Quote of the Week

"One cool judgment is worth a thousand hasty councils."
- Woodrow Wilson

Wednesday, September 10, 2014

Our Problem is Not the President, It's Us.

I saw this Facebook meme a few days ago and had to share it. I also felt compelled to make a post about it here.

For my lifetime anyway, it seems all blame for the problems of our country fall squarely on the President. While I have not been a fan or really impressed by any President since I've been of voting age, I can blame everything on them. Lots of things yes, but not everything.

I'm also very sure things for this country won't improve in two years regardless of who we elect as our next President.

For starters, the type of people who could fix things are rarely the type of person who will or feasible can run for elected office.

The type of people who run for office are typically, but not always; politically well connected, well off financially, are pros at saying what people want to hear, and are completely narcissistic and run for office primary for the power of the office. I say typically, I'm sure the people in office you like and continually vote for are completely different.

While the President is the lightning rod for our political angst, not much that he does can be done without Congress. You know, that branch of our Federal government that maintains about a 20% approval rating. The stat that 80% of the people don't approve of Congress amazes me for several reasons.

First off, this very low rating isn't a recent spike. Congress has pretty much maintains a below 50% approval rating. People who we picked to go to Washington, DC as a whole do not meet our approval.

Not only do we send duds to DC, we keep sending the same ones back!
Per Congressional Research Service Report RL32648:
"The average years of service for Members of the 110th Congress, as of January
3, 2007, when the Congress convened was 10.0 years for the House and 12.82 years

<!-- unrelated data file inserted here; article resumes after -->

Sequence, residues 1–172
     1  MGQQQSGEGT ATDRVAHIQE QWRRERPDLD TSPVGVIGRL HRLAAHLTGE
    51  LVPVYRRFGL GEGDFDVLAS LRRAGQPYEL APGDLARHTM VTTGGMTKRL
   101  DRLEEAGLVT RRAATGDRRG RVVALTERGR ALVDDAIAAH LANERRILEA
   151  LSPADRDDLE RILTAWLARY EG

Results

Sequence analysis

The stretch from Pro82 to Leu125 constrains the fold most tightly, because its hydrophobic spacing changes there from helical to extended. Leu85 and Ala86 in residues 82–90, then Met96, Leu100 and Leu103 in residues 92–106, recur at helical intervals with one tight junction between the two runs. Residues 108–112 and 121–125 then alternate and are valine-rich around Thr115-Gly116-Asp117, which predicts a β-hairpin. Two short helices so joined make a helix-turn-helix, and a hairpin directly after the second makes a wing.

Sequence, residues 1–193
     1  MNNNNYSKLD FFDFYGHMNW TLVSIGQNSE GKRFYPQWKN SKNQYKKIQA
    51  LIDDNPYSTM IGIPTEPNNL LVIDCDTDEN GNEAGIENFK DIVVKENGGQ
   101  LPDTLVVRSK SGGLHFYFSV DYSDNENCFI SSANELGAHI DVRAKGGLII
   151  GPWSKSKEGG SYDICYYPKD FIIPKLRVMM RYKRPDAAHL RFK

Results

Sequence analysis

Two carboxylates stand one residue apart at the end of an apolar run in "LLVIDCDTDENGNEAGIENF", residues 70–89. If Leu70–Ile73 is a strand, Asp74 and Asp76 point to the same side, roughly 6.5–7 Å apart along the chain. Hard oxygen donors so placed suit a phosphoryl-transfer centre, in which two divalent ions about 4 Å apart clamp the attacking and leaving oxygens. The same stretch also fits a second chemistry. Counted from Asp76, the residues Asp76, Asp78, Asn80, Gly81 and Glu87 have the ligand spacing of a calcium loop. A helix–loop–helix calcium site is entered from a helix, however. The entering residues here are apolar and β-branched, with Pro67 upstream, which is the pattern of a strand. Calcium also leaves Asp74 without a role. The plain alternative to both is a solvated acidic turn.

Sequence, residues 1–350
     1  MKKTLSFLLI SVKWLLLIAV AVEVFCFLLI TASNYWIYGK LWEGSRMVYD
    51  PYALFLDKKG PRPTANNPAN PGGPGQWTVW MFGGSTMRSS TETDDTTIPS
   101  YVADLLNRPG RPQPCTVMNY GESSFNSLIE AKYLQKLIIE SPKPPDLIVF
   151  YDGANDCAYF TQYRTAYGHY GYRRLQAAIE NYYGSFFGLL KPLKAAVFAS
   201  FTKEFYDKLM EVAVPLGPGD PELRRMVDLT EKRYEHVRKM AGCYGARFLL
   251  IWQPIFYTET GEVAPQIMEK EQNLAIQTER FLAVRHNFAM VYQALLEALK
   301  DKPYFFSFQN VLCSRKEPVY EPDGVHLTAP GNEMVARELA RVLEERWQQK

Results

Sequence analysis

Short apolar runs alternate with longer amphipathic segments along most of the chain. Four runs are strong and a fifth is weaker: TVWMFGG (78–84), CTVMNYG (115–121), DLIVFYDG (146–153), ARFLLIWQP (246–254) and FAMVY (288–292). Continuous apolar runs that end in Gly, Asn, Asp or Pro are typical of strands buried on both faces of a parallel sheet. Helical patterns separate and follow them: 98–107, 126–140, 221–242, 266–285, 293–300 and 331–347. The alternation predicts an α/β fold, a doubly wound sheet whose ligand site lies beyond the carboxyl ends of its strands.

for the Senate. This is a record for the Senate. House Members who took their seats
at the beginning of the 102nd Congress (1991-1993) represent the high point of
Representatives’ average tenure (10.4 years)."
We are sending the same people back to DC for an average period of time that is longer than the average person holds a job. The same people that only 20% of us think is doing a good job.

Why do we do this? Simple, we refuse to accept the fact that we vote for career politicians who only say what we want to hear so they can hold on to their seats of power. Like I said above, I'm sure the people in office you like and continually vote for are completely different. And that's the problem. We refuse to admit we vote for people who should not voted for.

We, the American People fit the often said definition of insanity: doing the same thing over and over again and expecting different results. We complain about career politicians like Boehner, Feinsten, Hatch, McCain, Pelosi, and Reid yet we are the same fools who keep sending them back.

Why do we do this? Two reason I can think of. We vote along party lines regardless of the person representing the party, and the "I hate Congress but love my Congressman" syndrome we all seem to have. "He's been serving my District for 15 terms, he know Washington" is a common excuse to keep sending some one back. Yep, he know Washington, mainly how to keep himself there while having a 20% approval rating.

Let's think about that. Would you go to a Doctor that had a 20% approval rating? Would you buy a house from a Relator that had a 20% approval rating? Would you eat at a restaurant that had a 20% approval rating? Would you send your kids to a daycare that had a 20% approval rating?

But you're okay sending your Senators and Representative back to a Congress that has a 20% approval rating. A Congress that is pivotal in running our Country.

We could easily fix this in two election cycles. But of course it would involve some work and changes on our end. We would actually have to research the candidates and not vote based on name recognition, celebrity endorsement or party line. Yes, we will actually have to put some thought into it. We will actually have to vote at primary elections too.

Most importantly, we need to pick the candidate we feel is the best. Not who the union endorses, or paper endorses, or who has the most yard signs in your neighborhood, or the political party Grandpa was active in.

Sadly this is something that vast majority of us can not and will not do; and our  20% Congressional approval rating proves it.

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